The U.S. votes against the World Charter for Nature, and volunteers lure Humphrey the humpback whale to safety.
Mon, Oct 28, 2013 at 6:00 AM
Oct. 28, 1982:
With the U.S. United Nations Ambassador Jeane Kirkpatrick (at right) casting the lone dissenting vote, the U.N. passes its "World Charter for Nature
" by a vote of 111-1. The measure recognizes the "supreme importance of protecting natural systems, maintaining the balance and quality of nature and conserving natural resources, in the interests of present and future generations."
Oct. 28, 1985:
A breakthrough is reached in the adventures of Humphrey, the humpback whale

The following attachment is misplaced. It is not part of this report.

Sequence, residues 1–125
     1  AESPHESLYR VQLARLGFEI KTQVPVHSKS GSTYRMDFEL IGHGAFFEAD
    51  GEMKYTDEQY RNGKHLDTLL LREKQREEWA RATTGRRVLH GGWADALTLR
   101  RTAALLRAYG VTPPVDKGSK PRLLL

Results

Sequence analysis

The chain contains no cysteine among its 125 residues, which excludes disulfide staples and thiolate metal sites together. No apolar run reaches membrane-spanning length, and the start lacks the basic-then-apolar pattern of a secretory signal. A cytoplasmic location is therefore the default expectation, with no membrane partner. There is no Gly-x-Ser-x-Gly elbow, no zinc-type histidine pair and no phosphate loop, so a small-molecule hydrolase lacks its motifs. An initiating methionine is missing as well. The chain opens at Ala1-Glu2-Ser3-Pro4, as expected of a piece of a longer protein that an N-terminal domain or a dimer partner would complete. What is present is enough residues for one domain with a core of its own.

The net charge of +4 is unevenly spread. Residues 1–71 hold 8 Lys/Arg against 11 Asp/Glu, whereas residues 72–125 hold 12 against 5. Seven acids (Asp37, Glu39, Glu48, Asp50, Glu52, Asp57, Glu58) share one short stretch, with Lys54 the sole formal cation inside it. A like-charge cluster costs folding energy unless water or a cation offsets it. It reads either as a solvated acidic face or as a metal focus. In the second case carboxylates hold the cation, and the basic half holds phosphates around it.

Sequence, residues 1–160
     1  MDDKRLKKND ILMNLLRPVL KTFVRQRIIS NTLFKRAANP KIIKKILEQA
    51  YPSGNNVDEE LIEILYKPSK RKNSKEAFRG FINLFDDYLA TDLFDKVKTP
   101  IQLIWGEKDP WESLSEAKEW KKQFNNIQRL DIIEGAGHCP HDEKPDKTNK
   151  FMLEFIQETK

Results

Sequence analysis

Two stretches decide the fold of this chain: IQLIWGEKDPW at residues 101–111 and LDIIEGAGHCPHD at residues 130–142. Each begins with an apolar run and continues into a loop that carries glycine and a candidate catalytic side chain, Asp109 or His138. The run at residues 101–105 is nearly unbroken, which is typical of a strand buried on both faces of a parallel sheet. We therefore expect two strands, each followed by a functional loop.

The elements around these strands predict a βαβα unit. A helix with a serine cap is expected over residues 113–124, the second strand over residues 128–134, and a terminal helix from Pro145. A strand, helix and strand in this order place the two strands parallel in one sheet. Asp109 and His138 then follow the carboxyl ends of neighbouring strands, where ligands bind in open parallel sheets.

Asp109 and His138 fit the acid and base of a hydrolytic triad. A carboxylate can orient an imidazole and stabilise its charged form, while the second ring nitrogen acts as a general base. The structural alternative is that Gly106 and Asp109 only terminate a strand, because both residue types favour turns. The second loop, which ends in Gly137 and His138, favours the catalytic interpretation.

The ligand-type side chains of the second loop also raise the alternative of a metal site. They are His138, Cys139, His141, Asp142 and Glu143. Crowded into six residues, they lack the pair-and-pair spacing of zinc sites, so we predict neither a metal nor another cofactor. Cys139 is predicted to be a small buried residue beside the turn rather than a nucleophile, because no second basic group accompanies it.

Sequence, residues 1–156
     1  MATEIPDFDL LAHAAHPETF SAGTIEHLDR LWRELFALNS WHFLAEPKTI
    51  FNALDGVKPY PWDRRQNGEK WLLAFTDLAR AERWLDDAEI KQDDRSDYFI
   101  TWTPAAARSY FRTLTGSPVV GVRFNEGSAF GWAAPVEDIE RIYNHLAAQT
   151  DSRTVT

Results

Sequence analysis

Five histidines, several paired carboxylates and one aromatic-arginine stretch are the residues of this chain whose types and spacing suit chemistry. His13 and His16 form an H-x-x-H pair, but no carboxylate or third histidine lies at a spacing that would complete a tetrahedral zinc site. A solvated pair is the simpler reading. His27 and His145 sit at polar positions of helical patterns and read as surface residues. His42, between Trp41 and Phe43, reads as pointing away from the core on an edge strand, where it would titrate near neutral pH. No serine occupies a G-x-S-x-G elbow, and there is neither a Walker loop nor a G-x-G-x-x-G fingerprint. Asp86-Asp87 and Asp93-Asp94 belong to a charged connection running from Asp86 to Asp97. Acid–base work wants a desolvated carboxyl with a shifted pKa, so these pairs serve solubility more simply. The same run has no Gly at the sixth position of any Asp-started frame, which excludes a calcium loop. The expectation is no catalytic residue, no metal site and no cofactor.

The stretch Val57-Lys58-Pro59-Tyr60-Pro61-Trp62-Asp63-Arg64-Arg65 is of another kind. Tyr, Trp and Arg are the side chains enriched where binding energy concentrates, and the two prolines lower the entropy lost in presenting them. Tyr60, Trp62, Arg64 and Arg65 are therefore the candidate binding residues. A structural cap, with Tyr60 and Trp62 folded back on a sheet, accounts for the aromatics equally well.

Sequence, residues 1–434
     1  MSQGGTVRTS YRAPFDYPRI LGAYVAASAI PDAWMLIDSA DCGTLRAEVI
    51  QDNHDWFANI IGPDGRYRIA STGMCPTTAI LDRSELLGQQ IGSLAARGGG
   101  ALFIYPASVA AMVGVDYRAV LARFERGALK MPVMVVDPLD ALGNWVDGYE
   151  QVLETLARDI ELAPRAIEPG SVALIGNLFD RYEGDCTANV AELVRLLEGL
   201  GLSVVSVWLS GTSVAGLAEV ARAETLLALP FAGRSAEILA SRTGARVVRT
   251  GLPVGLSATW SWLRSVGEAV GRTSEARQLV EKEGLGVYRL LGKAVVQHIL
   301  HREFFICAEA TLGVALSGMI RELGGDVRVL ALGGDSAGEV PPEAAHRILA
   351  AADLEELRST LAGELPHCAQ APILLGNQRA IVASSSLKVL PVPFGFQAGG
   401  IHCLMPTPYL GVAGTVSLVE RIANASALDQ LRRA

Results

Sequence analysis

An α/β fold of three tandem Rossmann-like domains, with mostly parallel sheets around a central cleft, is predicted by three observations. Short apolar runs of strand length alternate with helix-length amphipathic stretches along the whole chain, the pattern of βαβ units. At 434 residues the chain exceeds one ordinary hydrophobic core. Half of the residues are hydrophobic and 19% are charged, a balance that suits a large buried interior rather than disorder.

. The 40-foot male humpback entered San Francisco Bay in early October and ventured nearly 70 miles up the Sacramento River. Human volunteers bang on pipes to repel the whale away from fresh water, and underwater recordings of humpback whale songs lure Humphrey back to the sea.
Oct. 28, 2009:
A report from the Blacksmith Institute, which has gained fame in recent years for posting lists of "most polluted places," takes a different tack. The institute, teaming with Mikhail Gorbachev's Green Cross International, lists its 12 most successful environmental cleanups
, including the world's retreat from chemical weapons and the phasing out of leaded gasoline.
Photo: Wikimedia Commons
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